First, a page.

Sudan’s army-aligned government on Saturday spurned an invitation to an East African summit and rebuked the United Nations for engaging with the commander of rival paramilitary forces.
Nine months after war broke out between the regular army and the paramilitary Rapid Support Forces, the army has been losing territory while paramilitary leader Mohamed Hamdan Dagalo has been touring African capitals in a boost to his diplomatic standing.
Rejecting the invitation from East African bloc IGAD to a summit in Uganda on January 18 also to be attended by Dagalo, Sudan’s transitional sovereign council, headed by army chief Abdel Fattah Al-Burhan, insisted: “The events in Sudan are an internal matter.”
The bloc has repeatedly attempted to mediate between Sudan’s warring generals, but its efforts have been cold-shouldered by Burhan’s government.
In contrast, Dagalo, fresh from a tour of six African capitals, said on X, formerly Twitter, that he had accepted the invitation from IGAD and would be attending the summit in Uganda.
Sudan’s foreign ministry said inviting Dagalo was a “flagrant violation” and “destroys the credibility of IGAD” as an institution.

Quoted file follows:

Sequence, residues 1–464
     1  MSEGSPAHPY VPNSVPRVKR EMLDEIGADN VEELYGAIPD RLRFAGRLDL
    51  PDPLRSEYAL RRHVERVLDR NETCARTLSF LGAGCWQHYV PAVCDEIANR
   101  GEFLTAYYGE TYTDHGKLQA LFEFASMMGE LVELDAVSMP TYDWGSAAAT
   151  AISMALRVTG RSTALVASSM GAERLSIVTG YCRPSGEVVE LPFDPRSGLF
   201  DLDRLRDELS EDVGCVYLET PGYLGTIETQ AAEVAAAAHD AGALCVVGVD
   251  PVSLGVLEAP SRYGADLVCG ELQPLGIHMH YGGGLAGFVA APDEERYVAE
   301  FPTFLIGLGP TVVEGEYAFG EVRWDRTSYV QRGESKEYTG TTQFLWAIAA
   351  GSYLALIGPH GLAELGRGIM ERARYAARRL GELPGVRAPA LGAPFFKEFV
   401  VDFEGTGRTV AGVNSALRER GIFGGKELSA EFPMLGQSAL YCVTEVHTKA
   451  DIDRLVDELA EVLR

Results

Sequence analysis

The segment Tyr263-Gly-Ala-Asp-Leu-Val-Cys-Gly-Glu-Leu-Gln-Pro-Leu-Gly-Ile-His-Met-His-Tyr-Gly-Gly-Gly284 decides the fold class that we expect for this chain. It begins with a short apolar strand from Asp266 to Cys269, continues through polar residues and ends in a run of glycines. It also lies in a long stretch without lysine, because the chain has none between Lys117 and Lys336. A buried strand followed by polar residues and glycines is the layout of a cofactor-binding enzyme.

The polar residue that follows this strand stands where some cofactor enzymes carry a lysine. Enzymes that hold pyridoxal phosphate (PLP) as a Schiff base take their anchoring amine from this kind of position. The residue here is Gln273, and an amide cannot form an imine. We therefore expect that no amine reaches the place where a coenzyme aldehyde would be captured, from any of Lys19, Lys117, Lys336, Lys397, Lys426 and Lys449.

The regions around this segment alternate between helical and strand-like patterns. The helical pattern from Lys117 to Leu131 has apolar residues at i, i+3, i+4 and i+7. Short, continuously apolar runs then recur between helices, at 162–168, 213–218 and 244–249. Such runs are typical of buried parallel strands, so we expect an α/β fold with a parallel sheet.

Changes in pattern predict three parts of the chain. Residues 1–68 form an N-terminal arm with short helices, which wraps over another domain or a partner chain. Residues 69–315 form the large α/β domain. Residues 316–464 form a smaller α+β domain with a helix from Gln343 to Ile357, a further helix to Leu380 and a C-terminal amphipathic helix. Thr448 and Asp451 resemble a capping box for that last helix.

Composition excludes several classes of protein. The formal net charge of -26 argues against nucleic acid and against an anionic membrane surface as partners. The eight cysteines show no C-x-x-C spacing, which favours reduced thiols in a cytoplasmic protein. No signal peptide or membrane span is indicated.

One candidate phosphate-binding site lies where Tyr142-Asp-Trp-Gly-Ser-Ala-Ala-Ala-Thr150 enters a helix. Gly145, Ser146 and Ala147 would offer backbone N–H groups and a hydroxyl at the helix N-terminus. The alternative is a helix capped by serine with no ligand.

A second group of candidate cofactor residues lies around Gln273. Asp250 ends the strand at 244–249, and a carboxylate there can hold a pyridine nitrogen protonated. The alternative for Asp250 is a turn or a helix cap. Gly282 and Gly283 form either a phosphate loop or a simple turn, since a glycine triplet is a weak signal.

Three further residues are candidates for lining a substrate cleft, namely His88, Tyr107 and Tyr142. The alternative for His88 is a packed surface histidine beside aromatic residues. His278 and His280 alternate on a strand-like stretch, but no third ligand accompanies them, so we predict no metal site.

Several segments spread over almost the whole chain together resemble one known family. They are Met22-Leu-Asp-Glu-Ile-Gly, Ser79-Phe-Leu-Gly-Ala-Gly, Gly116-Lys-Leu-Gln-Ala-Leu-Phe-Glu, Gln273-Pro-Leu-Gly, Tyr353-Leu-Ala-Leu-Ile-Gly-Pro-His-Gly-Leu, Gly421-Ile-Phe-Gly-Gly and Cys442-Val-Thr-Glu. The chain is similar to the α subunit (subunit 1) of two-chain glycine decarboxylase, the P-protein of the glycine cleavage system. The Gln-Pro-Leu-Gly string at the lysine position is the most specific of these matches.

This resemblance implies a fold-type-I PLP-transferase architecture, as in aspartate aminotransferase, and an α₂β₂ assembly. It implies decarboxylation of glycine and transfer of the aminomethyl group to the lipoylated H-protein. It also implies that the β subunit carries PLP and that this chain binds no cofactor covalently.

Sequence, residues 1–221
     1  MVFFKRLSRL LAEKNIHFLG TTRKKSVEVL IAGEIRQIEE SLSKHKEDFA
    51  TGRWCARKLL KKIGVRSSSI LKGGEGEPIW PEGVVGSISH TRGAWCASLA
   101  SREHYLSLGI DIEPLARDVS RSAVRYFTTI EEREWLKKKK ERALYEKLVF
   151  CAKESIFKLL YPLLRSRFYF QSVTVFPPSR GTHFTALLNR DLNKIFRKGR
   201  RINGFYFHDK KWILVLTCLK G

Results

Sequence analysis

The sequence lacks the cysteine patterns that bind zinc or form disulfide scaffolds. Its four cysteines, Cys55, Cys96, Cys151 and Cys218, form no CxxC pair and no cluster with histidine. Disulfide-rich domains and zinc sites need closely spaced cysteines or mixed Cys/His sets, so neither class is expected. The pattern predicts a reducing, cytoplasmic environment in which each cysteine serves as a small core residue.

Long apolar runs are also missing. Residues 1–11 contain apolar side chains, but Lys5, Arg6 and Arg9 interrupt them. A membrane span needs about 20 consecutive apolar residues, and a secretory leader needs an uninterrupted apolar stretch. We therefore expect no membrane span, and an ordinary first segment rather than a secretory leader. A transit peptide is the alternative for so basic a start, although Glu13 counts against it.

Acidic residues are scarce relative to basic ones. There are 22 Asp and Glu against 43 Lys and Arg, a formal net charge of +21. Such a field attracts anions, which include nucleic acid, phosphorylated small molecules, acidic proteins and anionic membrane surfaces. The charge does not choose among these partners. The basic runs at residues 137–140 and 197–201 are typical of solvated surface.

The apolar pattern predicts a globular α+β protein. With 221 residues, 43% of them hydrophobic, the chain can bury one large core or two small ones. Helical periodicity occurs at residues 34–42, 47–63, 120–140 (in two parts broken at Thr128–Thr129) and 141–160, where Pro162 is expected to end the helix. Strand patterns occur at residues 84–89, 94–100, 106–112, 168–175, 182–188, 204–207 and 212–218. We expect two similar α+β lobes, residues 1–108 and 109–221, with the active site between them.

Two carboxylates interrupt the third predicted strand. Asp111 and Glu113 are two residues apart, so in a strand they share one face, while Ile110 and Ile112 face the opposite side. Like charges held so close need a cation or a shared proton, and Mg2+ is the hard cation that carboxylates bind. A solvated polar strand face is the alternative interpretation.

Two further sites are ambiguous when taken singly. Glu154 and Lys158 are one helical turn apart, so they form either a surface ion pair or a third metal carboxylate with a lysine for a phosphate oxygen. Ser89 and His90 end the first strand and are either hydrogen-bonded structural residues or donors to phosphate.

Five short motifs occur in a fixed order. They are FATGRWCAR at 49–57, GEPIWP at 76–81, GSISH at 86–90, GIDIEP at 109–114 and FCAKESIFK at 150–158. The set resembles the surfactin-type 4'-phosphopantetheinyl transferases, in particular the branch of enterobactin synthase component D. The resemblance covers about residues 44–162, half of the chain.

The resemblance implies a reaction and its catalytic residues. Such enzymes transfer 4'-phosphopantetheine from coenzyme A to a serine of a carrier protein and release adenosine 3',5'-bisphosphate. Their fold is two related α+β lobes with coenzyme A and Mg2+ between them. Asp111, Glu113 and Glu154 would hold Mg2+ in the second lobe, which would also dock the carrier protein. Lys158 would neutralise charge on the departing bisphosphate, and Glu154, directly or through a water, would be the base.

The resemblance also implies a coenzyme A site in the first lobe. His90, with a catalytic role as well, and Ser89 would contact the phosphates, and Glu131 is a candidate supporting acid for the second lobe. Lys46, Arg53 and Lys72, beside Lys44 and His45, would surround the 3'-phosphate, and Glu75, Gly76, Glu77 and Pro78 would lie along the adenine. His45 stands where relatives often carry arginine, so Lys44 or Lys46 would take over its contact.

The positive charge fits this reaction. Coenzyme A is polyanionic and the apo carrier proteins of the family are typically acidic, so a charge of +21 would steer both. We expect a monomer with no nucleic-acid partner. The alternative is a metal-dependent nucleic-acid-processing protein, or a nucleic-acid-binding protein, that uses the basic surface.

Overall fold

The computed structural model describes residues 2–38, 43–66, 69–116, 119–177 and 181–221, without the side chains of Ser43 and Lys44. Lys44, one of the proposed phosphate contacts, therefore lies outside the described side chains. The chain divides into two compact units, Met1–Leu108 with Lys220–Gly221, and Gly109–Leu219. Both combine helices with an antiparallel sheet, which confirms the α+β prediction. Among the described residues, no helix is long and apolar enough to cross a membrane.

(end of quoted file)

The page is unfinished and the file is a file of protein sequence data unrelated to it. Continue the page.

“Not only has IGAD been silent as a grave over the atrocities of the terrorist militia, it has also sought to grant the militia legitimacy by inviting it to a meeting attended only by member state heads of state and government,” it charged.
Burhan has reacted angrily to Dagalo’s growing diplomatic status, accusing African leaders who hosted him on his recent tour of complicity in atrocities against Sudanese civilians.
Analysts say the army chief is growing more and more isolated diplomatically, as his troops fail to halt RSF advances.
The war has killed more than 13,000 people, according to a conservative estimate by the Armed Conflict Location & Event Data project. Some 7.5 million civilians have fled the fighting, according to UN figures.
Both sides have been accused of war crimes, including the indiscriminate shelling of residential areas, torture, and arbitrary detention of civilians.
The RSF has also specifically been accused of ethnically-motivated mass killings, rampant looting, and the use of rape as a weapon of war.
In the eastern city of Port Sudan, which is now home to Burhan’s government, acting foreign minister Ali Al-Sadiq told newly arrived UN envoy Ramtane Lamamra that Sudan “rejects” a recent contact between UN chief Antonio Guterres and Dagalo, according to a statement carried by official news agency SUNA.
Sadiq said he informed Lamamra that the UN chief’s phone call on Thursday served to “legitimize” Daglo, “the leader of a movement that has committed horrific violations that have been condemned by some UN institutions as well as the majority of the international community.”
Lamamra was named Guterres’s envoy for Sudan, after the termination of the UN mission to the country last month at the request of Burhan’s government.